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UNIONS and politicians have said that the support for North Sea oil and gas workers must be greater from the Scottish government if targets for a just transition and net-zero emissions are to be met.
Scotland’s transport and net zero secretary Michael Matheson announced multimillion-pound funding yesterday for projects to reduce emissions in the North Sea oil sector, with money being matched by the oil and gas industries.
Mr Matheson confirmed £16.5 million for seven energy schemes being led by the Net Zero Technology Centre.
The SNP MSP, unveiling the funding alongside business leaders, said that the government is wholly committed to a just transition to net zero, which ensures no-one is left behind.
Energy workers’ representatives have said that any move away from oil and gas cannot put existing staff out of pocket, pointing to suggestions of a training passport, adding that unions must be a part of this planning.
RMT general secretary Mick Lynch said: “This is a key part of the just transition mechanism for offshore oil and gas workers which is in danger of being neglected and we cannot allow that to happen.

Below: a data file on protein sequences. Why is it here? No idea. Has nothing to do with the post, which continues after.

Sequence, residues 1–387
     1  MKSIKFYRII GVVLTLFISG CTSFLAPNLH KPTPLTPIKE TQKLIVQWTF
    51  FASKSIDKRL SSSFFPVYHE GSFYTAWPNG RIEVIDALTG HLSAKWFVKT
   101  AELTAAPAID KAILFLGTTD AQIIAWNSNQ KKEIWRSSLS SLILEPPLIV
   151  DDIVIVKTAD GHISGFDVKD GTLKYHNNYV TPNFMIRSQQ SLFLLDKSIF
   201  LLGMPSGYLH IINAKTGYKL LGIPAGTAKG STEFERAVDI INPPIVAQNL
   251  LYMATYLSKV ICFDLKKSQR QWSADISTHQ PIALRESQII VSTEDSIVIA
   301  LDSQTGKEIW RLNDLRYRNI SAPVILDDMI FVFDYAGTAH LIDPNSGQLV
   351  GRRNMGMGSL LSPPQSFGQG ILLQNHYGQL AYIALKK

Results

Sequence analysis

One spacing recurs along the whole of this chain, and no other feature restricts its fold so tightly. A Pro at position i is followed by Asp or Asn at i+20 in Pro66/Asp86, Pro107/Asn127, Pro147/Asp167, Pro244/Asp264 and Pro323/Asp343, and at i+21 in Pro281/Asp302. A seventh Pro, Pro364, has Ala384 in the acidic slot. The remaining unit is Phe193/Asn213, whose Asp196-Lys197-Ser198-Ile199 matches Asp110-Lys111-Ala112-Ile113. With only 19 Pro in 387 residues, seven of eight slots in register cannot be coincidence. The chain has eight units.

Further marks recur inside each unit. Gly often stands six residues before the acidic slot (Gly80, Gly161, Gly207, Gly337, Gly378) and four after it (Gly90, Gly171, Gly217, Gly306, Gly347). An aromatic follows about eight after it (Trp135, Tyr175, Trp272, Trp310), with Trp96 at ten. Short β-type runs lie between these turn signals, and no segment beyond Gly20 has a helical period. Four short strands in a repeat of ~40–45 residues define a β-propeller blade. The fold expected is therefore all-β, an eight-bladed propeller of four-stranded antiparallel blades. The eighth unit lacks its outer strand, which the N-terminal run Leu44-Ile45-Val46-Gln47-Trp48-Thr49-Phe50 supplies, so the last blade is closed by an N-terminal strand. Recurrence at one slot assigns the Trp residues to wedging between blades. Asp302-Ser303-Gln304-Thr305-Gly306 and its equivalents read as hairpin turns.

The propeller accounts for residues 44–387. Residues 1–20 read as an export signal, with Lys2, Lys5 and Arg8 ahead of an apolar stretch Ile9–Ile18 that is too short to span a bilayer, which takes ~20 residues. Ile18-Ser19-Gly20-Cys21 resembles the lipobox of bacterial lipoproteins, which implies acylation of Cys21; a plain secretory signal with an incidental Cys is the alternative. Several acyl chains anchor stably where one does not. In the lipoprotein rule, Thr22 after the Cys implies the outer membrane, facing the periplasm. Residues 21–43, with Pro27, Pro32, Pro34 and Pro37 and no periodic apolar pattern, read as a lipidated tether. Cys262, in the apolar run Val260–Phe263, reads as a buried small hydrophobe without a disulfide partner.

“Public funding for autonomous technologies also needs to be handled with caution, otherwise jobs and skills will be lost and the security of energy supplies in Scotland and the rest of the UK risk being compromised.”
MSPs in the north-east of Scotland also warned that any move towards greener energy production in the sector must be worker-led, backing a training passport.
Socialist MSP Mercedes Villalba said: “This is another example of the SNP government throwing money at a problem with little democratic involvement of the people it will affect.
“If the SNP are serious about a just transition, it must be worker-led.”
STUC general secretary Roz Foyer said: “Whilst much of this investment is welcome, it does not go far enough to tackle the grave challenges that we are facing.
“What we need is large scale public intervention that will ensure that the move to Net Zero will benefit workers.
"All public money given should come with conditions attached: decent wages, local employment, and recognition of unions, while far greater levels of public ownership is required in areas such as energy and public transport.”
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